And yet, with all the researching, discovering and rescuing of our heritage, no-one was prepared to commit themselves (or their money) to a museum. Even at the turn of the century Tatchell couldn’t find anyone ready to back a museum in London. He even proposed a site – the old Bow Street Police Station where Oscar Wilde was locked up after his arrest in 1895.

Perhaps the UK is more attuned to general museums and collections than specialised ones. Most specialised museums are created on specific sites associated with themes. Military museums are often on old military sites, museums to famous people are at their homes. That could be the problem in the UK – lgbt heritage doesn’t have a single national site to focus on.

The call for established museums to make more of the items of lgbt interest and make them more visible is the focus of the work of people like Professor Richard Sandell of the University of Leicester. For the past few years he has been speaking at conferences on just this subject, and travels the world looking at other museums to see how this can be done and encouraged.

In 2011 Prof. Sandell told a conference in Brighton that not enough was being done to acknowledge the lgbt community in UK collections, despite the fact that the law requires museums to actively acknowledge and display diversity in the community. The success of many lgbt exhibitions held around the UK in recent years clearly shows there is public interest. In the economic climate of recent years museums were, perhaps, not keen to spend money.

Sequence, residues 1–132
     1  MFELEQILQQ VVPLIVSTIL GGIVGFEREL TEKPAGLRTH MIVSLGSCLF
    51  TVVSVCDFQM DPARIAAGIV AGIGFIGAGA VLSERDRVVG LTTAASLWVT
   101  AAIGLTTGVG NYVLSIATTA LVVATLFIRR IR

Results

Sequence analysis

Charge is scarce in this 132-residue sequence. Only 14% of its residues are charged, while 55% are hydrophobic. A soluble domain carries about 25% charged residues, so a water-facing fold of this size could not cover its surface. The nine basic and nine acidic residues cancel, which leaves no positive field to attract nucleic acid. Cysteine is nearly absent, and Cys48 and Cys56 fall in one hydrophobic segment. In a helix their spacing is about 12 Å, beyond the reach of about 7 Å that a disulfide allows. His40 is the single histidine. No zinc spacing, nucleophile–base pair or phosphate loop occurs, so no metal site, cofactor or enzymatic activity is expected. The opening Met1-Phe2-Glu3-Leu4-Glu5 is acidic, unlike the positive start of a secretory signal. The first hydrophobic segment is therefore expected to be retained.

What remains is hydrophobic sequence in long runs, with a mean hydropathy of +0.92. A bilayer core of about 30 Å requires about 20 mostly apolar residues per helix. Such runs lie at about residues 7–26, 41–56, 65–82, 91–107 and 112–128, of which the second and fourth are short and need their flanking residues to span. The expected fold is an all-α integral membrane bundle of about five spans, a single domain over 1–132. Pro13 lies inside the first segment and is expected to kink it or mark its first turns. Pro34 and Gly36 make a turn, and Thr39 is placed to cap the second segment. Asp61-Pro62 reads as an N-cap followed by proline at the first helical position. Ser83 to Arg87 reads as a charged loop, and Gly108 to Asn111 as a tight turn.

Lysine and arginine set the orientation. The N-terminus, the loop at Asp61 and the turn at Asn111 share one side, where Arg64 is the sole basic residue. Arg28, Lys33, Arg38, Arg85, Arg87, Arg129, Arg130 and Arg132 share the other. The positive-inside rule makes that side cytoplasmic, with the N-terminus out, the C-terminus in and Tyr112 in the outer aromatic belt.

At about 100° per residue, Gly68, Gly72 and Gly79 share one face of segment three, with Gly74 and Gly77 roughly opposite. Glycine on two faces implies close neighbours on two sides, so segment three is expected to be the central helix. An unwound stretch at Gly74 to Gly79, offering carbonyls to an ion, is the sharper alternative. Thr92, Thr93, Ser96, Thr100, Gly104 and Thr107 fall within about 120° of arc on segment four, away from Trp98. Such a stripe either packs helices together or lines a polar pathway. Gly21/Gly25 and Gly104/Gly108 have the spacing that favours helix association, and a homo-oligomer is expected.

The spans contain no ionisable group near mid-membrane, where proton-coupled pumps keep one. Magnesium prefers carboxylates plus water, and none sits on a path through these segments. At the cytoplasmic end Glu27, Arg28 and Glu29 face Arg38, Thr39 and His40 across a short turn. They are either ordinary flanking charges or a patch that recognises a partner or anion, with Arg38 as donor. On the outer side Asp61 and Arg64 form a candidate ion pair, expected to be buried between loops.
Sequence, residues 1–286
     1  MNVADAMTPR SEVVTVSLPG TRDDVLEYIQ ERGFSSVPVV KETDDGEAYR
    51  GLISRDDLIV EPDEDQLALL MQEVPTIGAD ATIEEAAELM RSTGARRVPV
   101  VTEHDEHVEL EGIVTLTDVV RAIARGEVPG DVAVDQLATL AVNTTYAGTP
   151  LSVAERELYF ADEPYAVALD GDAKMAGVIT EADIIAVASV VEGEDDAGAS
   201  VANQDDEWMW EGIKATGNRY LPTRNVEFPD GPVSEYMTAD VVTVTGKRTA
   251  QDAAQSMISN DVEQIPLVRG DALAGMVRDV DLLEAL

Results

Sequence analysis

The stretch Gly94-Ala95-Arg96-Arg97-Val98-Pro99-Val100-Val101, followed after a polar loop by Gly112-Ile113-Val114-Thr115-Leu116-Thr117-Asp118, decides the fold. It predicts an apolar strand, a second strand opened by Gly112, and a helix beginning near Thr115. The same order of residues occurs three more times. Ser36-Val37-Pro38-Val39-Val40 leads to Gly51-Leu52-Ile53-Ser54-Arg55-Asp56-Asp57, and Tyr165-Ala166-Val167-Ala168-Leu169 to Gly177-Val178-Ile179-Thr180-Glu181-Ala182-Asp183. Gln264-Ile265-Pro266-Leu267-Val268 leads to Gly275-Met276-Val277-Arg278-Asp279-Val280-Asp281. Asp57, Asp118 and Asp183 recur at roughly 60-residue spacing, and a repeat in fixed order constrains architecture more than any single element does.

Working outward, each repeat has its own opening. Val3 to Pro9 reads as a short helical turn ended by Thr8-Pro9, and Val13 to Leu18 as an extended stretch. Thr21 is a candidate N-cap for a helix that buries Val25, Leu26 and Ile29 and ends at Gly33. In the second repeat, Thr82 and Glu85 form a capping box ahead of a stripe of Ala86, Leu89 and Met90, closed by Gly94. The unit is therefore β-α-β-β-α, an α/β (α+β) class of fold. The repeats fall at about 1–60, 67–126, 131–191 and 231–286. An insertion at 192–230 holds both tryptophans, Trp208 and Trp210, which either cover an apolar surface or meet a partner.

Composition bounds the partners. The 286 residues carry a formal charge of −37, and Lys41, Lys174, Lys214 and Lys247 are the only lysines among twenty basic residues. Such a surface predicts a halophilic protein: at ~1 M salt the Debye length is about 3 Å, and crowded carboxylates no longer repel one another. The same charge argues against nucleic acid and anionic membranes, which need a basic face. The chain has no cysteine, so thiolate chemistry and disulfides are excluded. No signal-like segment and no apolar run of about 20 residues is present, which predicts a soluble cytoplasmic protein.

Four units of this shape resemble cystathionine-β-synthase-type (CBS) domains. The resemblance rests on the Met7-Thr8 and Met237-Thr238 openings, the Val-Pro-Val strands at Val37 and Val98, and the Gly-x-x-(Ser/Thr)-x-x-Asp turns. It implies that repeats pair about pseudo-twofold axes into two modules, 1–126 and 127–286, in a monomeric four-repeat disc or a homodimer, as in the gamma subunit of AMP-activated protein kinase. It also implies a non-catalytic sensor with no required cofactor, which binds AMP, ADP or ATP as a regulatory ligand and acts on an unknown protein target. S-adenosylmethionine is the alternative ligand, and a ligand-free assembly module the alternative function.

Two years later, and the “excuse” of expense is still putting people off. In January a very successful exhibition opened at the Leicester LGBT Centre. Because of it’s success the Centre renewed calls for a permanent museum to be located in the city. The Project Officer, Denis Bradley, recognises that the economic climate is still a stumbling block, but he is hopeful.

An alternative to a one-site museum could be a touring pop-up museum. This concept is growing in popularity. Many city centres have unused shop and business premises which they hire out on a short-time basis to artists, businesses or charities. A pop-up museum is working well in the US. Could this be the most effective solution in the UK? It’s something which needs more discussion or, even better, action.

In the meantime I hope that many more temporary exhibitions continue to be produced. Even now I am planning my next annual display at Nottinghamshire County Hall in February, and looking at the possibility of a producing a pop-up exhibition in the city centre.

I’ll end with these optimistic comments made to me by Professor Sandell: “It seems to me like an exciting – and critical – time for lgbt communities keen to have their lives, art and culture represented in the public sphere. There have been more lgbt themed exhibitions in the last 10 years than in the previous 50. But these are often temporary and more needs to be done to represent sexual and gender diversity as we move forward.”